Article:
Small Business ShowsThe Small Business ShowHow your small business can prevent a sudden closure — Alan Weiss

How your small business can prevent a sudden closure — Alan Weiss

There has been a record number of new businesses opening in the U.S., yet a number are suddenly closing as well, and that is something no business owner wants to think about or experience. On today’s The Small Business Show, we’re joined again by Alan Weiss, business coach, speaker, and New York Times best-selling author, who discusses his latest book, Sentient Strategy, and walks us through why some businesses suddenly fail.

The most significant hazard for most small-to-medium-sized enterprises is the genuine risk of sudden closures after they launch. According to data, 60% of new businesses fail within the first five to six years, and 60% of the surviving companies fail within the next ten years. However, Weiss believes there is a dramatic difference in growth stages for small businesses before they stabilize. They may start with a good idea, get family support, and then draw people in. But “For the most part, that’s not enough.” 

For example, Weiss explains, “In Rhode Island, a hot restaurant will open, and maybe because of the demand, you won’t be able to get in. So, say you try again the next month, well by then, they’re out of business.” Typically, people will start a business with a good growth mentality, but it also has to be profitable. According to Weiss, “You can’t afford to grow without profit.” Typically, what happens is people will get addicted to the popularity of opening their first establishment that they ignore certain things which end up costing them in the long run.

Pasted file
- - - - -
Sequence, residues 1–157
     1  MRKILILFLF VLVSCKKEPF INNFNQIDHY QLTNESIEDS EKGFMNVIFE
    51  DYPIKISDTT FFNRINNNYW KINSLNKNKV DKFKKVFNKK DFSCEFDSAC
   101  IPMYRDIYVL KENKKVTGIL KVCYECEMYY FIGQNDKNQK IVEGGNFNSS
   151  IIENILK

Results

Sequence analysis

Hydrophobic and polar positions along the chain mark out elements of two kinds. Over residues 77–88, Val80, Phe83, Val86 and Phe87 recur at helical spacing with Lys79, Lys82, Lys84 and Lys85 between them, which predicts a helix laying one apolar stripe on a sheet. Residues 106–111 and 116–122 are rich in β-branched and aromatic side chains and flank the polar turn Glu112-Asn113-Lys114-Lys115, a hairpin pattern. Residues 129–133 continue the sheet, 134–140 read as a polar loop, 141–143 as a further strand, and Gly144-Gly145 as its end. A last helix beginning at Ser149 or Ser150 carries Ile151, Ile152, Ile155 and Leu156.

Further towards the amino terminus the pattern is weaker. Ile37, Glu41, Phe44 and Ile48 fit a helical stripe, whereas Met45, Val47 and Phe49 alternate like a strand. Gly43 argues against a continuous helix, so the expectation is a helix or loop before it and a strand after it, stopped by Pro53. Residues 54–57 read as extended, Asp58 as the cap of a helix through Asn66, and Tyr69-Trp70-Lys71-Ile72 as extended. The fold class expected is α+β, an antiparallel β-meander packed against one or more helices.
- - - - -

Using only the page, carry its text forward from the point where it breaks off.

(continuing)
Leadership roles

Weiss says, “Leadership is everything.” The critical aspect of leadership relies on the tendency to overlook the financial issues for small to medium size businesses. For example, they’ll get enthusiastic and possibly over-hire. “They’ll hire an excess in demand, but they should wait for the demand and then hire,” notes Weiss. Additionally, Weiss believes small businesses will miss small details. He explains, “When you’re running a small business, whether new or mature, responsiveness is everything.” It’s about how quickly you can get back to people. He also asserts, “If people improve by one percent daily, in 70 days, you’ll be twice as good.”

People in small firms prioritize their own capabilities over the needs of the clientele. So they frequently turn their passion into a business, but they need to consider the value they will provide and the characteristics of their ideal client. Weiss contends that you shouldn’t open a business if you can’t explain how to connect with your clients or attract them to it.

Key takeaways

If you’re a small business owner and you want to avoid a sudden closure of your business, then you need to remember:

  • You need to be able to identify your value
  • Identify your customer
  • And ask yourself: How do you stand out from the crowd?

If you can’t answer any of those questions, it’s time to reevaluate and grab your copy of Sentient Strategy

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Jaelyn Campbell
Jaelyn Campbell
Jaelyn Campbell is a staff writer/reporter for ASBN. She is a recent honors cum laude graduate with a BFA in Mass Media from Valdosta State University. Jaelyn is an enthusiastic creator with more than four years of experience in corporate communications, editing, broadcasting, and writing. Her articles in The Spectator, her hometown newspaper, changed how people perceive virtual reality. She connects her readers to the facts while providing them a voice to understand the challenges of being an entrepreneur in the digital world.

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